The Vienna Circle survived their diaspora in the face of the Nazi regime. Logical positivism lived on in America and Britain, later  becoming influential. This contingent made a relevant critique of Fascist propaganda; that form of political rhetoric saturated Germany and other countries in the 1930s and early 1940s.

Wittgenstein was born in Austria, coming from a wealthy industrialist family. However, he became a British citizen,  one strongly linked to Cambridge University. When I was a young man (and a resident of Cambridge), the dons would discuss “what Wittgenstein really meant.” There were permutations of this during my temporary employment under Professor J. P. Stern, who enthused about Kant, Wittgenstein, and Nietzsche in our conversations. These talks occurred in his book-lined study overlooking a panoramic garden in a select area of Cambridge.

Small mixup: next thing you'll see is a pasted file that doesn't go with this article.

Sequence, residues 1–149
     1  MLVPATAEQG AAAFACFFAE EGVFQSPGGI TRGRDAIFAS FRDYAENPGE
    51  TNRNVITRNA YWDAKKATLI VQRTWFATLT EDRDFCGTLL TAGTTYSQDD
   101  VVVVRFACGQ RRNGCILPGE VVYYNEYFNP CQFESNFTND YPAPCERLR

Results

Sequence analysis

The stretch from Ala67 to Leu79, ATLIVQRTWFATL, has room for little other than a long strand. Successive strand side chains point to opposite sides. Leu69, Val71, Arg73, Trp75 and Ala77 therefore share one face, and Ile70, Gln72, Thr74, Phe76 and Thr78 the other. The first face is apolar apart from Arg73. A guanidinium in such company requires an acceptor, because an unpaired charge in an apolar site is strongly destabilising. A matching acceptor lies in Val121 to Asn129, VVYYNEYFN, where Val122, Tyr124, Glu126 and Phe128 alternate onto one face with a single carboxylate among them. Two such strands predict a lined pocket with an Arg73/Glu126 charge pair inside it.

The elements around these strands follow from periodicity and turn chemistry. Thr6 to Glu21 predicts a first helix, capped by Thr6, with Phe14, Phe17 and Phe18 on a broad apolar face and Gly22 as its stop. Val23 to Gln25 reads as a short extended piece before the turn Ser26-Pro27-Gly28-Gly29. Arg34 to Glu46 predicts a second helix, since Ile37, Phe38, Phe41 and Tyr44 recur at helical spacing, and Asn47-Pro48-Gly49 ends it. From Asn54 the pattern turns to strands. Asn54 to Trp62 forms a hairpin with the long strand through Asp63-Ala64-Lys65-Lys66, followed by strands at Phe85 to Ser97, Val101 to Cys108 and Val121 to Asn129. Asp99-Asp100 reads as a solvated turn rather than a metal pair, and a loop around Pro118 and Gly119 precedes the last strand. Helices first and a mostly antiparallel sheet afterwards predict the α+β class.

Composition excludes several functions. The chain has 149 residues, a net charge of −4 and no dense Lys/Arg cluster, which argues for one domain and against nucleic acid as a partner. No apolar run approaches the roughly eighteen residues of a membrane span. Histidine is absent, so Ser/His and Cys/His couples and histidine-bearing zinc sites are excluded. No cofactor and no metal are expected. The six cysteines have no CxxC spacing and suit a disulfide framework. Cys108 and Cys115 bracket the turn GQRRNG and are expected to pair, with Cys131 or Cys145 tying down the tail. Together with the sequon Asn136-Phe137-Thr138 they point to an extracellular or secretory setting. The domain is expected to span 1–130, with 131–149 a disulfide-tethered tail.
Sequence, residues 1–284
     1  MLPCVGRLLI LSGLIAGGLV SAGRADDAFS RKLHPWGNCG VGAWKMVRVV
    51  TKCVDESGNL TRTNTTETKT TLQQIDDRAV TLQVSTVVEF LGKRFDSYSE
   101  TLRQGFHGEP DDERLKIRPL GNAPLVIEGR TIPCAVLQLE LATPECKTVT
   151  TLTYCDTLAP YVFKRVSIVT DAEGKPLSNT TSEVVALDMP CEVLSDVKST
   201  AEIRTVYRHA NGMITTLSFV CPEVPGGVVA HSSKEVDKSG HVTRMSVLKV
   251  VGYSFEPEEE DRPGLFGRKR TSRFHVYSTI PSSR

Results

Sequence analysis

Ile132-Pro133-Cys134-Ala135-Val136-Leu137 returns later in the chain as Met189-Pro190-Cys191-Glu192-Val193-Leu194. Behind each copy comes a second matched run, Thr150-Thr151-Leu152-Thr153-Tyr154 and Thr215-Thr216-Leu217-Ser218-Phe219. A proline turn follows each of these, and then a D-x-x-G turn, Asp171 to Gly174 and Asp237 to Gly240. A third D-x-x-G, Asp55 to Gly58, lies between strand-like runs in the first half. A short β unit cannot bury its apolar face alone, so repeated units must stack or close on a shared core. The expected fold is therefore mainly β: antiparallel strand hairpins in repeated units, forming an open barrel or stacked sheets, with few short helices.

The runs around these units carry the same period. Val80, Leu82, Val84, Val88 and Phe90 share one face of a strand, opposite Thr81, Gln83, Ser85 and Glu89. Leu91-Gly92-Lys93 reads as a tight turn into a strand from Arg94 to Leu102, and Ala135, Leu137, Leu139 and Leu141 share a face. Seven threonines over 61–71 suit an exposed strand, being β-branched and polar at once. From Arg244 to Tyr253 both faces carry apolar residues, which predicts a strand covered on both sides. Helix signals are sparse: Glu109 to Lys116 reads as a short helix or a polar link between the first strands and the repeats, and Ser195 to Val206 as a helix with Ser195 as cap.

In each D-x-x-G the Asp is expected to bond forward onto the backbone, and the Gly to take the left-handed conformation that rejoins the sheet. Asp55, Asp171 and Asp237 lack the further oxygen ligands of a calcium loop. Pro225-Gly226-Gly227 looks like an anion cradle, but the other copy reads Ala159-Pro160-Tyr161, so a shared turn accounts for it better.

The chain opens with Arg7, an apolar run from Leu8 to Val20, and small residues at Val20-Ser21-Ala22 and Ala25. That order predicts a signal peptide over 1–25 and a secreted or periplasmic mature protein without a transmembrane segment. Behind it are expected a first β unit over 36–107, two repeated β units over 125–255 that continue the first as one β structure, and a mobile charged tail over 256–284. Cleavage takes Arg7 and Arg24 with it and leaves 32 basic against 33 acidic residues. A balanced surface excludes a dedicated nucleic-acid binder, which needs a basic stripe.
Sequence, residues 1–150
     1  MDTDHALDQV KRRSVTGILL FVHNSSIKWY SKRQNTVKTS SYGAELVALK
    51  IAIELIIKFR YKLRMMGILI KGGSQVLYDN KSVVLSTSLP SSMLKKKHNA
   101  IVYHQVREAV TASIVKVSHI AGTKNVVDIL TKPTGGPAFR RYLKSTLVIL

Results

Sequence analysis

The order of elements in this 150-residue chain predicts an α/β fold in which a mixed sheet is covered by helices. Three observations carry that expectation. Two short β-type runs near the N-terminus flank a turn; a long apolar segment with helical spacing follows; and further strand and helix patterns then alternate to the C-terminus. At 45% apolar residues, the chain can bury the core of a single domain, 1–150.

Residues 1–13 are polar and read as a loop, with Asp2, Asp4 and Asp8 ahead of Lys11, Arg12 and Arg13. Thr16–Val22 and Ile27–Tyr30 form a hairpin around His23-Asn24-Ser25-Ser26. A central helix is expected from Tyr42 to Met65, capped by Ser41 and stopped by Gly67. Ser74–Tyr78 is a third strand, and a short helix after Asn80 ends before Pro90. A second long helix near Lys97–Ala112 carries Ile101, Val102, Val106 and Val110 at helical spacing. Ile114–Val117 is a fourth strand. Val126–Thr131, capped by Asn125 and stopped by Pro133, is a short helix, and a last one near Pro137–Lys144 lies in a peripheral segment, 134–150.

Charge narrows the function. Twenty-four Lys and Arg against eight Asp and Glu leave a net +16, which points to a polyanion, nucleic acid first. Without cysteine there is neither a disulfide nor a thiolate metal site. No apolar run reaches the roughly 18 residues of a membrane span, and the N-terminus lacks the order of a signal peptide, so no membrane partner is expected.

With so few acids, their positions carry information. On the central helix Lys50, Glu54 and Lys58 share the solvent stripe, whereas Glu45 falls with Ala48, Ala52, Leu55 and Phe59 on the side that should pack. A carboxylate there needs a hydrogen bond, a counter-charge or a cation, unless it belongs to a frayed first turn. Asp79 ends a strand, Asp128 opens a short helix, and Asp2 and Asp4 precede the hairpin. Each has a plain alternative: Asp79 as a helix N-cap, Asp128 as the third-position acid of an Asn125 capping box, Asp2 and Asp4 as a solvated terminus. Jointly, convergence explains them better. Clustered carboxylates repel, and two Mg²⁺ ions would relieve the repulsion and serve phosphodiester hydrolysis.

Professor Stern (who taught German at London University) was an expert on Nietzsche. I found great difficulty in conceding the importance of Nietzsche. I also found the Tractatus a rather disconcerting work, though in a different way to Thus Spake Zarathustra. Professor Stern pressed upon me the Tractatus when he grasped that I had an interest in philosophy. He expected me to enthuse over the treatise, like many undergraduates at that time. I was an exception to the fashion. This was in 1973. I never did find the Tractatus inspiring, only interesting; it is generally considered significant in the history of philosophy.

[Wittgenstein had early read Schopenhauer, and believed that the latter was basically correct in his worldview. Wittgenstein persisted in the attitude that ultimate reality was beyond conceptual grasp, and therefore a factor of which nothing can be said. Only the phenomenal world could be described. Various objections have been lodged against this rather inflexible view. However, in the 1970s, the exegesis of Wittgenstein was still in the ascendant at places like Cambridge].